Edinburgh Bookshelf

Old and New Edinburgh Vol. VI


2YO OLD AND NEW EDINBURGH. [ Inchkeith. CHAPTER XXXIV. INCHKJZITH. The Defences of Leith-Inchkeith Forts-St. Serf-The Pest-stricken in 1497-E~perirnent of Jam- 1V.-The Old Fort-Johnson and Boswell-The New Channel-Colonel Moggridge?s Pkns--The Three New Forts-Magazines and B a n a c b T h e Lighthouse. THE long piers of Leith are now seaward of the Martello tower, and the battery at the fort is no longer on the seashore, but-owing to the reclamation of land, the erection of the goods and passenger stations of the Caledonian Railway, and the formation beyond these of a marine parade to Anchorfield- is ?now literal!y far inland and useless. This circumstance, coupled with the vast progress made of late years in the science of gunnery and projectiles, led to the construction of the Jnchkeith forts for the protection of Leith and of the river ; and to them we have already referred as the chief or only defences of the seaport. This island stands nearly midway between ?Leith and Kinghorn, four miles distant from the Martello tower, and is said to take its name from the valiant Scot named Robert, who slew the Danish general at the battle of Camustone or Bame in Angus, and obtained from Malcolm II., in 1010, the barony of Keith in Lothian, with the office of Marischal of Scotland. It has, however, claims to higher antiquity, and is supposed to be the caer pi& of the venerable Bede, and to have been fortified in his time. Among the anecdotes of St Serf, extracted by Pinkerton from the Chronicles of Winton, a Canon Regular of St. Andrews who lived in the end of the 14th or beginning of the 15th century, mention is made of some matters that are evidently fabulous-that the saint left Rome, and embarking for Britain, in the sixth century, with a hundred men, landed on this island, where he was visited by St. Adamnan, with whom he went to Fife. Inchkeith is half a mile in length and about the eighth or a mile in breadth. Throughout its surface is very irregular aiid rocky, but in many places it produces the richest herbage, well suited for the pasturage of cattle and horses ; yet there are no animals on it, except grey rabbits, and worwegian rats brought thither by the Leith shipping. Near the middle of the island, but rather towards its northern end, it rises gradually to the height of 180 feet above the level of the river, and thereon the well-known lighthouse is erected. The island possesses abundance of springs; the water is excellent, and is collected into a cistern near the harbour, from which the shipping in the Roads is supplied. In Maitland?s ? History of Edinburgh ? there is mentioned an order from the Privy Council, in the year 1497, addressed to the magistrates of Edinburgh, directing ?that all manner of persons within the freedom of this burgh who are infected with the contagious plague called the grand-gore, devoid, rid, and pass forth of this town, and compeer on the sands of Leith, at ten hours before noon ; and these shall have and find boats ready in the harbour, ordered them by the officers of this burgh, ready with victuals, to row them to the Inch (Inchkeith), and there to remain till God provide for their health.? There, no doubt, many of these unfortunate creatures found tneir last home, or in the wave6 around it. It was long in possession of the Keith family, and undoubtedly received its name from them. When their connection with it ceased there are no means of knowing now, but it afterwards belonged to the Crown, and was included with the grant of Kinghorn to Lord Glamis, wih whose family, according to Lamont?s ? Chronicles of Fife,? it remained till 1649, when it was bought, together with the Mill of Kinghorn and some acres of land, by the eccentric and sarcastic Sir John Scott of Scotstarvit, Director of the Chancery, for zo,ooo merks. It afterwards became the property of the Buccleuch family, and formed part of the barony of Royston, near Granton. Regarding this island Lindesay of Pitscottie records a curious experiment undertaken by the gallant James IV., for the purpose of discovering the primitive language of mankind. ? He caused tak ane dumb woman,? says that picturesque old chronicler, ?and pat hir in Inchkeith and gave hir two bairnes with hir, and gart furnish hir with all necessares thingis perteaning to theiar nourischment, desiring heirby to know what language they had when they cam to the aige of perfyte speach. Same say they spak guid Hebrew; but I know not by authoris rehearse.? Balfour records in his ?? Annales,? that in 1548 the English Navy, of twenty-five ships of war, amved in the Firth, and fortified Inchkeith, leaving five companies of soldiers to defend it. Hayward says this fleet was commanded by Admiral Seymour, and after burning the shipping in Burntis- ,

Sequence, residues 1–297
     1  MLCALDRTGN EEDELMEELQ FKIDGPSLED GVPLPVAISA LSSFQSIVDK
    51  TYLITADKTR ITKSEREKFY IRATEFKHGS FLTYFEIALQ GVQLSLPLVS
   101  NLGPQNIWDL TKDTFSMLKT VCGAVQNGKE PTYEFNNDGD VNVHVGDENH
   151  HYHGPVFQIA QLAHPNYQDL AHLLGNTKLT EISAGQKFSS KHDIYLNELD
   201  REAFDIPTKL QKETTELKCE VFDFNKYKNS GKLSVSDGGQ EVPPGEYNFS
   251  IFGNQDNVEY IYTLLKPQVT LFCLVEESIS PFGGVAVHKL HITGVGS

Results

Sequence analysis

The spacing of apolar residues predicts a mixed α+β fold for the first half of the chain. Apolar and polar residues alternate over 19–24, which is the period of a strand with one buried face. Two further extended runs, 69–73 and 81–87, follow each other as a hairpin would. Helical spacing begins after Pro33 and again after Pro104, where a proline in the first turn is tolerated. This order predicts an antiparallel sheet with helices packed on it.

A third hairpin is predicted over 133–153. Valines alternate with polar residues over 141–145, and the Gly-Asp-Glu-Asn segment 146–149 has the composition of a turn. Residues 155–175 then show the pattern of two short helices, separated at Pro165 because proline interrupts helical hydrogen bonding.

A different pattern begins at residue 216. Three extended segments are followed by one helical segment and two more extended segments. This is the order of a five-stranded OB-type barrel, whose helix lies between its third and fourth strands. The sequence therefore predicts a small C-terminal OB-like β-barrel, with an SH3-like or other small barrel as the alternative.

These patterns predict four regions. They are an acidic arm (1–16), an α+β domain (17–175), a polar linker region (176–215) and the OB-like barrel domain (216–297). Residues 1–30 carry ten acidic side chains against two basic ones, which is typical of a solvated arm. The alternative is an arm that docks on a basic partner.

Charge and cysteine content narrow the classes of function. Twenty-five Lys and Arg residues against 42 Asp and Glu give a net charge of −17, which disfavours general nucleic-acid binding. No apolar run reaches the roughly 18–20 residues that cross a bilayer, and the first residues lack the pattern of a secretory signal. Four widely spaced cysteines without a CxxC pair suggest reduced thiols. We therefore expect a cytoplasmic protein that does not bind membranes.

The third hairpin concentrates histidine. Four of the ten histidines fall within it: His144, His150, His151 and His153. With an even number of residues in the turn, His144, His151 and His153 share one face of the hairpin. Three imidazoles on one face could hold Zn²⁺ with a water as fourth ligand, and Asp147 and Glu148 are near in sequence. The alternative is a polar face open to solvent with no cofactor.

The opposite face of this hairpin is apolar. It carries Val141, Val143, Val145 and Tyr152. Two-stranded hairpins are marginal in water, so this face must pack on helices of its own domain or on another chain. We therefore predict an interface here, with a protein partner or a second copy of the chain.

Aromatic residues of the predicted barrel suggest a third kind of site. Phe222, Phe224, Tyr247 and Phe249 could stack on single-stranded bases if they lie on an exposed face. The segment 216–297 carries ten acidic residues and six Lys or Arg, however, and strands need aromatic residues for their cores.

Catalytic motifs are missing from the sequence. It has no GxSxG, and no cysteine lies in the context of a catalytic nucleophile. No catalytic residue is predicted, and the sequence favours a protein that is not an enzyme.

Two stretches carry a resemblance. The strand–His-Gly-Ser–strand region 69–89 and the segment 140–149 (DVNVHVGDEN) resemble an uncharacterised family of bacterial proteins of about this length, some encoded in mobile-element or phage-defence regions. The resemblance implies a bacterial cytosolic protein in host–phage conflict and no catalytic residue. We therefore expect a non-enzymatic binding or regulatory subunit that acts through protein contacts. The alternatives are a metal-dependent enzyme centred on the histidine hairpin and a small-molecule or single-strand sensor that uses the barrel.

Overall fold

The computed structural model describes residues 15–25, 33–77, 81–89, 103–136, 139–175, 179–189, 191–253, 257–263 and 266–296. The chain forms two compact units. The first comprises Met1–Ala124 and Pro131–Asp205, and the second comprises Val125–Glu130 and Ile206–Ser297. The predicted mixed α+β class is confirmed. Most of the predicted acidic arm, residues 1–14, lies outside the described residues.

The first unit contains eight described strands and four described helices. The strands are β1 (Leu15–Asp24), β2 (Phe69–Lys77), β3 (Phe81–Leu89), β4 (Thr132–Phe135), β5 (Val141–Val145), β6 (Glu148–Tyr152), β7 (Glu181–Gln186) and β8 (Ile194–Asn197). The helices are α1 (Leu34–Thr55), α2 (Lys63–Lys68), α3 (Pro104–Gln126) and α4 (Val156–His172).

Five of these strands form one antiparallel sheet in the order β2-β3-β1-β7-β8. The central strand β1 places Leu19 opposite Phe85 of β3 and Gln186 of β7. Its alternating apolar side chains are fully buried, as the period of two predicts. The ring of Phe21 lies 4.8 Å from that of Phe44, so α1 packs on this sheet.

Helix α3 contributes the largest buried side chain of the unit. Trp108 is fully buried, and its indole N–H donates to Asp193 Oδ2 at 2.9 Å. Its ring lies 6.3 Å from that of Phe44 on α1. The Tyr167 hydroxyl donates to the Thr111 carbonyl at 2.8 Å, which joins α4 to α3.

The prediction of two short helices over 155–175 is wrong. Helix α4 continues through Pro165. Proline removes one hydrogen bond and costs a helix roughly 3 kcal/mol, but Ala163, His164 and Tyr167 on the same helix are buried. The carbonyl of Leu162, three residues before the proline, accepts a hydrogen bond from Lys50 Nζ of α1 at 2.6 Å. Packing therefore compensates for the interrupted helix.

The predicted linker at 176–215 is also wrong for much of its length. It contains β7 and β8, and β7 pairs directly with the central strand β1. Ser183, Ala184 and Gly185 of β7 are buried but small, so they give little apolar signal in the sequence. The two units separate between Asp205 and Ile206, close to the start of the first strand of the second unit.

Volume 6 Page 290
  Shrink Shrink   Print Print